Garden party

Jonathan Richman introduces new Chico-produced album

Backup singers Kelly Brown (left) and Lisa Marie Hiatt (and hiding in the back, bassist Miles Montalbano) with Jonathan Richman at his album-release party.

Backup singers Kelly Brown (left) and Lisa Marie Hiatt (and hiding in the back, bassist Miles Montalbano) with Jonathan Richman at his album-release party.

Photo by Carey Wilson

Jonathan Richman CD-release show, Sunday, Aug. 7, Magnolia Gift & Garden

On most business days, Magnolia Gift and Garden is exactly what its name implies—a large, immaculately kept outdoor area for displaying all kinds of plants, statuary, pottery and gardening supplies as well as a small gift shop filled with seeds, soil amendments and garden and home décor. But at one end of the outdoor yard, built out in front of a cool blue mural on the side of a converted storage container, is a wooden stage that hints at another side of the East Avenue nursery: concert venue.

And on Sunday (Aug. 7), it was none other than punk-pioneer-turned-well-traveled-troubadour Jonathan Richman putting on a show at Magnolia, debuting his newest release, the Chico-produced Ishkode! Ishkode!, alongside Chico bands Bad Mana and Skin Peaks, plus longtime drummer/collaborator Tommy Larkin and a wide-ranging cast of local musicians who worked on the recording.

When I arrived at the nursery, the members of Skin Peaks were settling into their gear on stage. (Regretfully, I missed Bad Mana’s opening set.) After a simple but emphatic drum intro from Elliot Maldonado, guitarist Lisa Marie Hiatt and bassist Kerra Jessen simultaneously laid out the ominous, slow-motion surf riff of “Midnight” guided by Hiatt’s distinctive, heavily reverbed midtone picking, which emphasizes singular notes rather than strumming to produce rhythm. The style is well-suited to singer Kelly Brown’s wickedly emotive vocals and lyrics. Balancing Brown’s moodier approach were Jessen’s sassy vocals on “Dark-Haired Mama,” a rave-up that would fit right into a Wanda Jackson album, circa 1959.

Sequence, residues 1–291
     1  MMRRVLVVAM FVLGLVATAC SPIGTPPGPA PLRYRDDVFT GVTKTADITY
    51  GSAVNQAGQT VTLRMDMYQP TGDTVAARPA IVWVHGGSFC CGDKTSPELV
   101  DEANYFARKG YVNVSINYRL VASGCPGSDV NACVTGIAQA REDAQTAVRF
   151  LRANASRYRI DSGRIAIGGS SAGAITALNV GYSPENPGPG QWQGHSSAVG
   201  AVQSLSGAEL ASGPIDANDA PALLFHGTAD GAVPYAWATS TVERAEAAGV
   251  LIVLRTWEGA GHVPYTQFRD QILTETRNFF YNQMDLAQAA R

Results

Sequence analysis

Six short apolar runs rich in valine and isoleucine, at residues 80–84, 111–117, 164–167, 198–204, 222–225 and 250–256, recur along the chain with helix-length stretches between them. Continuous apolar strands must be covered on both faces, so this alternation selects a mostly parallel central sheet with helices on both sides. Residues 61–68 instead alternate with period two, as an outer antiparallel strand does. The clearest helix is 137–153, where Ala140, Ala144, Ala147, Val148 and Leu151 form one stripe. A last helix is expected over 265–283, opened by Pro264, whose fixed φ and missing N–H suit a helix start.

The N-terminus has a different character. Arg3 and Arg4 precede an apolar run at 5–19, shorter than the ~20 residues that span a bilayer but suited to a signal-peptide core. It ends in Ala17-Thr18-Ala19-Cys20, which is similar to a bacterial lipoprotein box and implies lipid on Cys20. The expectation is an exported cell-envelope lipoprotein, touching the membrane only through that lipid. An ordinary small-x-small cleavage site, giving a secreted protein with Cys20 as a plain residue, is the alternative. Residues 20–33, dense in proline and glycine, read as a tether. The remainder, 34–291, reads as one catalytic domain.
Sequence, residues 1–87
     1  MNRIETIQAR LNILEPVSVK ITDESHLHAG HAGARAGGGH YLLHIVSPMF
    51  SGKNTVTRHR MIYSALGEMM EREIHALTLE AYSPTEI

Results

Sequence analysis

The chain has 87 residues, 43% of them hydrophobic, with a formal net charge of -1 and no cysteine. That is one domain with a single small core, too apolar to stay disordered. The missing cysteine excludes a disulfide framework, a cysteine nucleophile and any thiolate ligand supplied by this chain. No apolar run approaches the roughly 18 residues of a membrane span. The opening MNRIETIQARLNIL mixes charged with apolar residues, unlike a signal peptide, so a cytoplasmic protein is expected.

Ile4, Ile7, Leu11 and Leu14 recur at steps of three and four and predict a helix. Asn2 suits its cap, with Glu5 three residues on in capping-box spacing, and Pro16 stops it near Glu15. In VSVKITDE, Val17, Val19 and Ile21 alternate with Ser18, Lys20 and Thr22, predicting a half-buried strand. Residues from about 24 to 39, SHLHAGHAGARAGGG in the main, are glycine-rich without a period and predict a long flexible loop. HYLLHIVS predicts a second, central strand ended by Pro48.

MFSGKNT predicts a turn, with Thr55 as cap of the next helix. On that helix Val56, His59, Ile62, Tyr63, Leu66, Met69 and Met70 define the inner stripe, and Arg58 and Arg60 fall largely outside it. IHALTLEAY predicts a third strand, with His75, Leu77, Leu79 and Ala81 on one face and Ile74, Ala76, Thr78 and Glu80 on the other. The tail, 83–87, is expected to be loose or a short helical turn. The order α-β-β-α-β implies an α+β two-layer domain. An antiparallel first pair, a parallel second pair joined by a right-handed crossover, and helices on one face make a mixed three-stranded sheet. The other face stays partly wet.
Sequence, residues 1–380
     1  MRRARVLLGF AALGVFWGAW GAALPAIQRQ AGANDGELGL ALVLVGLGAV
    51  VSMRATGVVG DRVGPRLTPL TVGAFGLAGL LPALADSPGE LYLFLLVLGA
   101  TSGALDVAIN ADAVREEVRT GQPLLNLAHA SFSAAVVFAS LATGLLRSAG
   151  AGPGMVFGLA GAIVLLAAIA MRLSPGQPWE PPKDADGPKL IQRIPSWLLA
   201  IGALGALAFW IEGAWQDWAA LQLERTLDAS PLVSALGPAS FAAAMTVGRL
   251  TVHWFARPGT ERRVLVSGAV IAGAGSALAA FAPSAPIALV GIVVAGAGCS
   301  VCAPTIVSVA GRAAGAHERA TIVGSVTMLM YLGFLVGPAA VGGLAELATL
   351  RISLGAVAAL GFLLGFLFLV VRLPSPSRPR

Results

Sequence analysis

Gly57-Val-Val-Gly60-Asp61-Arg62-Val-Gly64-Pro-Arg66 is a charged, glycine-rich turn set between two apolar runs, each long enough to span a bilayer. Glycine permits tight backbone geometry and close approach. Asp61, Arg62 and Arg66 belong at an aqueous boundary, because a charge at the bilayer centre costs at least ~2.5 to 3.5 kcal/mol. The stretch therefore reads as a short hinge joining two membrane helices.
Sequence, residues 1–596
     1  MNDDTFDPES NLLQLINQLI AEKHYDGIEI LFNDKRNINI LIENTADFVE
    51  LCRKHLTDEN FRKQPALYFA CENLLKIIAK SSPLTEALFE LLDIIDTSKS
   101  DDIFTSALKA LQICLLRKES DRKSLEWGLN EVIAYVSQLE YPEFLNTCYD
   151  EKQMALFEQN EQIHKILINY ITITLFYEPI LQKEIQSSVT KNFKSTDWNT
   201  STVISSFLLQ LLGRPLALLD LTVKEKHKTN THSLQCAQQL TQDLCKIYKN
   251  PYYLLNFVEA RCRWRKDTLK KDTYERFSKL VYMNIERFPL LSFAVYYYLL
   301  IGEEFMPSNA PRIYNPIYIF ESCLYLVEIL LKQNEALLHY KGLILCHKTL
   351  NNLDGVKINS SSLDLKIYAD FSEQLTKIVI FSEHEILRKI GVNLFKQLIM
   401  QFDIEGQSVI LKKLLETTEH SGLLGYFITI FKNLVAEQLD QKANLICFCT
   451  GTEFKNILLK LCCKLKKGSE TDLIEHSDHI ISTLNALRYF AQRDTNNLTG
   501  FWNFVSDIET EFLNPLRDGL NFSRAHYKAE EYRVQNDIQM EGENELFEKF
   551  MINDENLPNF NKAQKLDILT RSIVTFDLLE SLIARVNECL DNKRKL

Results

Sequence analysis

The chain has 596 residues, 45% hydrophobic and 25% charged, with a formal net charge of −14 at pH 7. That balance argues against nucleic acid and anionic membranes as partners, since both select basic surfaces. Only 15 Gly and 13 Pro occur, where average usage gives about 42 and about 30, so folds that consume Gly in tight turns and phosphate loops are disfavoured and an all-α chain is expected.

Skin Peaks delivered a solid half-hour of original rock ’n’ roll that kept the upfront portion of the audience energized throughout, and may have even raised a few eyebrows with the closing two-minute blast of “Dik Pixxx.”

The intimate garden setting proved ideal for Richman’s set. After casually setting up his own gear and making minor adjustments to the sound system to achieve clarity for his trademark low-volume approach, Richman welcomed to the stage a rotation of local musicians—including Skin Peaks’ Hiatt and Brown, drummer Jake Sprecher and bassist Miles Montalbano, among others—who also worked on Ishkode! Ishkode!, his first release in six years, which was recorded at local engineer/musician Scott Barwick’s Origami Recording Lounge.

Starting off with a tribute to the virtues of romantic socializing on the sidewalk at downtown Chico’s iconic tavern, “Outside O’Duffy’s” gave the set a hometown feel that emphasized Boston-born Richman’s heartfelt connection to the little city he now calls home. The title song of the new album (“Ishkode” means “fire” in the Ojibwe language) followed with Hiatt and Brown supplying the chanted title as Richman sang of the poetic nature of contemplating a bonfire that “brings up feelings from way down back … bringin’ up sorrows that we can’t name.” Montalbano’s bassline was reminiscent of the Temptations’ “Papa Was a Rolling Stone” and was nicely counterpointed by Richman’s rhythm guitar and intricately melodic picking.

Other songs from the new album, such as the Italian-sung “A Nnammurata Mia” (featuring young Chico accordionist Ava Moore), are beautifully crafted additions to Richman’s 40-year oeuvre. And his perfectly suited garden presentation—including a section of the concert featuring backup from the “Duffy’s Chorus” (Kelly Houston, Victor Robin, David “12-Pack” Sorensen, Rich Morarre, Dave Melendez and bar owner Roger Montalbano)—was as fresh as ever. Richman still maintains his nearly shamanistic ability to express childlike wonder and humor mixed with insightful wisdom based on his acute and empathic observations.